Tag Archives: emotional eating

Encouragement for Moms Struggling to Lose Weight

As if we needed any reminders that mothering is hard, we now have a pandemic that’s hammering that message into our sleep-deprived mom brains. Caring for babies is an around-the-clock job, toddlers have excessive energy-expending needs and curious little brains (“Why do the scientists say the parks have to be closed?”), and I hear from moms with teenagers that “the moods” are quite real. Our plates are full and our cups overflowing, but often with chores and responsibilities for others instead of ourselves. Of all times in our lives, it’s now officially more difficult to exercise than ever before. Case in point: Me, a fitness professional.

 

 

At the start of this whole thing, my 1-year old was taking an hour nap each morning, allowing me to exercise in the driveway with my 4-year old or plop him in front of an activity or show while my husband worked on his computer and I hit the neighborhoods sidewalks to release all my pint-up energy on a good run. But then my 1-year old entered that dreaded nap purgatory where nothing seemed to work because he wasn’t quite ready for one nap but two naps felt like too much. Plus, hello molars. Enough said.

My morning workouts now start earlier than I’m used to, often before breakfast is fully digested, or they’re shoved into 20 minutes mid-morning while my 1-yr old does “quiet time” in his crib with some books and music. On the occasion that I try to workout with my youngest around, he usually climbs on me during planks, snuggles my face during mat work, and throws balls at my legs during squats. He routinely pulls at my yoga mat and makes it impossible to complete a single set of anything because he is climbing between my legs and onto my stomach as though trying to crawl back into my womb. No thanks, buddy. This whole exercise without childcare thing is really hard. It takes patience and consistency, but also flexibility.

Not only are our exercise schedules and access to fitness equipment different right now, but also our ADLs have changed. ADL stands for activities of daily living. Mine often include running a bunch of errands, shuttling my children to activities and parks (and then chasing after them), house chores, yard work/gardening, and general at-home childcare. With stay-at-home restrictions in place, the first few items on that list have evaporated and in truth, that’s where I burn just as much energy as in the gym.

 

 

Less energy expenditure on a daily basis and low-grade anxiety over the whole covid crisis have caused me to gain back three pounds that I had been recently really proud of myself for losing since they dropped me lower than my pre-pregnancy weight. Three pounds doesn’t sound like much and in the big picture, it isn’t. But if a fitness professional (me) can easily gain weight during times of stress and change, it stands to reason that another woman might possibly gain even more. Full transparency: Those three pounds were gained in the first month of quarantine, so that’s almost a pound a week. You can see how this becomes problematic if it continues, easily turning into 10 lbs, 15 lbs, 20 lbs…etc.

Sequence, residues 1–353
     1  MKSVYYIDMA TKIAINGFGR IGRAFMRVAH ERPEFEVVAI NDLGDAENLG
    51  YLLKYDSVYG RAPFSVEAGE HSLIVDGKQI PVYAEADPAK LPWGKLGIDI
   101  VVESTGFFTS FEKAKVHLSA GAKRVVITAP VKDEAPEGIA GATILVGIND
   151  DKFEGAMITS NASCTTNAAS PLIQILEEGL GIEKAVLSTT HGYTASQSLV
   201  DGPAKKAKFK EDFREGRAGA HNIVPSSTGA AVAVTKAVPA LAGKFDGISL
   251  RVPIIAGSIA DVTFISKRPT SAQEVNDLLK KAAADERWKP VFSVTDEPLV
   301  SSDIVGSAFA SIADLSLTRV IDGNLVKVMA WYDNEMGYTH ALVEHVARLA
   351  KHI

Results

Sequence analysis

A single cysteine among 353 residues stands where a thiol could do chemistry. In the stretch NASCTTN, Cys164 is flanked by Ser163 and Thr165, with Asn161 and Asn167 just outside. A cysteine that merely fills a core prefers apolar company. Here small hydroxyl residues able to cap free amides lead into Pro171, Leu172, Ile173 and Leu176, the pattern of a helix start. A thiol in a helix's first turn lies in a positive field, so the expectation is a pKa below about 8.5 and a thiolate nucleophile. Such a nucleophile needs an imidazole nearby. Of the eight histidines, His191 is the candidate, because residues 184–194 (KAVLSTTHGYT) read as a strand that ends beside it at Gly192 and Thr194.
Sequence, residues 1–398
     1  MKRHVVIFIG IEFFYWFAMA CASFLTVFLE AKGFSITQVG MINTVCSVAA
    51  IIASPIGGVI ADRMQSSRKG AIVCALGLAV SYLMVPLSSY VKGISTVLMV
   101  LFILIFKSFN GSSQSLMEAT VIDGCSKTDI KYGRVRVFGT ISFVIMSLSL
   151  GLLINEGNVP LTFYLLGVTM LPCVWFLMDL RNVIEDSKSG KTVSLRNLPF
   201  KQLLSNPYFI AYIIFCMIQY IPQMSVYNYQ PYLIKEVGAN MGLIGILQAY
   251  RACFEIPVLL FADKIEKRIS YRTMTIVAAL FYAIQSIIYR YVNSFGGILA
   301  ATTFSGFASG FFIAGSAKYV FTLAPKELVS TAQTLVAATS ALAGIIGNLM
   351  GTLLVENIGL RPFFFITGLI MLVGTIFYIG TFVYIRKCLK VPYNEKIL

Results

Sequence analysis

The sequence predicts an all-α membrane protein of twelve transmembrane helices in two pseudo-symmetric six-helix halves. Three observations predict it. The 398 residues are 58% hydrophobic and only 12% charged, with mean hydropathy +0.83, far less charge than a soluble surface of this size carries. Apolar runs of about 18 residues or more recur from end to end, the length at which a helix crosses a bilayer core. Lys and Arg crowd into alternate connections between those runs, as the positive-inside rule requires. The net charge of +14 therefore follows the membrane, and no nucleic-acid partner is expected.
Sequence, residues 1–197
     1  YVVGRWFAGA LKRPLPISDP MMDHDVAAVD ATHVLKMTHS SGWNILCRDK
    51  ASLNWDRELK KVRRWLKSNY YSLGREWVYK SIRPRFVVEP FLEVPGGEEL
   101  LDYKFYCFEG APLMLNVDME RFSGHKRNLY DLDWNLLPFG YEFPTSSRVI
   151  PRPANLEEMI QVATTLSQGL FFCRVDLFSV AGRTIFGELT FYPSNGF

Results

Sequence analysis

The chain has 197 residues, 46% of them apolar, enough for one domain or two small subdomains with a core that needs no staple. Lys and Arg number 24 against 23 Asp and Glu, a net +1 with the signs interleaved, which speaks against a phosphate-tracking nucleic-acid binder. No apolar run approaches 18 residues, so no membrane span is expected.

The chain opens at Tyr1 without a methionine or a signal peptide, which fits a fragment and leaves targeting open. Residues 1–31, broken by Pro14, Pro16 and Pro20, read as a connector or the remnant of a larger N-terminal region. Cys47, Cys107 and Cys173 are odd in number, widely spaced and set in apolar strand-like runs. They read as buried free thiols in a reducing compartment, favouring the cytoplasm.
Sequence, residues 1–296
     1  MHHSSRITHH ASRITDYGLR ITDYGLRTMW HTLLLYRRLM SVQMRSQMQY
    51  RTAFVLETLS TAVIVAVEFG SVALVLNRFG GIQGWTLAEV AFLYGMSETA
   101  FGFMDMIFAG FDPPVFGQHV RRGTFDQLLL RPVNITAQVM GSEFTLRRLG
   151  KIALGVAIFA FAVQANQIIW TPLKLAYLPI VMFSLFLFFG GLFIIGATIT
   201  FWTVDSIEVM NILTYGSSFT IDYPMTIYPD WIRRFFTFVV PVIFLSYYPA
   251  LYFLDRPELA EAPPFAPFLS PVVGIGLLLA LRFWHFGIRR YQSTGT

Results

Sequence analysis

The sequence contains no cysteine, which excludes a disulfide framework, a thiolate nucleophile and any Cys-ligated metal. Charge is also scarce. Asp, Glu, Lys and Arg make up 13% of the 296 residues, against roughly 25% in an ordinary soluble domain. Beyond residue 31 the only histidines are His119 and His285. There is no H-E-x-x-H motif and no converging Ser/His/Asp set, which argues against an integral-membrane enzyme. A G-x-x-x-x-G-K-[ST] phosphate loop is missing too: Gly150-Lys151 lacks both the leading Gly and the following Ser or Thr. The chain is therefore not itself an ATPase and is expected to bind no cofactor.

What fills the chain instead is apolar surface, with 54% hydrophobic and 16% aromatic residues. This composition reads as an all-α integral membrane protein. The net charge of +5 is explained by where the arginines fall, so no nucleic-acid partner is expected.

I’m here to tell you a little secret: It’s okay.

I don’t care if you’ve gained 5 lbs or 50 lbs, my message to you is the same: Really, I promise, it’s okay.

We often shame ourselves into thinking we’re terrible people when we gain weight but the shame-and-blame game is tired and unfair. Sometimes, the best thing we can do is address the reality of our weight gain:

I’m having a hard time. Something is emotionally difficult for me right now.

It might be grief, shame, anxiety, sadness, loneliness, jealousy, fear, anger, self-pity, boredom, social rejection or something else. What is on your list of tough emotions?

I’m not trained in Psychology so I’m not here to explicitly tell you how to sort through your emotions but I am here to say that your emotions can be identified and talked about. And they can be separated from your body’s experience, to an extent.

The pounds on the scale tell a story. Once you identify what that story is then you can take the steps towards making amends with your body. Addressing and working through your emotions and life obstacles with a qualified mental health professional might be the ultimate difference maker in your weight loss journey. Self care measures including leaning into your faith, family and friends might free you up emotionally to focus on your health at last.

 

 

It doesn’t matter how much weight you’ve gained, you have control over whether or not it comes off. I know this truth is hard to internalize so let me say it again:

You have control. And if it doesn’t feel like it then take it back for yourself! You deserve it! 

As you work through your emotions and establish self care practices, you will free up your energy to focus on your body’s health without fear or shame – and perhaps you will even start to feel pride and joy!

I’ve seen countless women lose weight only to regain it back. It’s not really because they started eating donuts at the office again or slackened their workout regimen, it’s because feelings of worth weren’t cemented as the foundation of their health. Self worth, love and respect usually need to be in place in order for us to maintain a healthy weight. Losing weight isn’t all that complicated, we just tell ourselves it is because deep down we’re scared of failing or we don’t feel worthy.

But you are. Worthy.

Here are a few of my professional recommendations for losing weight to help you get started. Guess what? None have anything to do with exercise.

 

 

These are measures which set the stage for effective weight loss before lifting even a single hand weight or stepping on the treadmill:

1. Identify emotions that keep you in a weight gain cycle or prevent you from losing weight – this takes courage and being honest with yourself

2. Write a list of 3 daily self care routines you can lean into to help you counter these negative emotions and experiences

3. Consider talking to a professional or counselor, or perhaps confide in a friend or spiritual mentor

4. Increase your ADLS – activities of daily living, or anything you do throughout your daily, weekly and monthly routines that involves movement but isn’t considered “formal” exercise. 

    • Ex: walking the dog, cleaning the house, yard work/gardening, childcare and playing outdoors with children, errands that involve walking/lifting/carrying, caring for a loved one who is physically dependent on you, lovemaking (yup! it burns energy!), cooking dinner instead of ordering, chores, etc.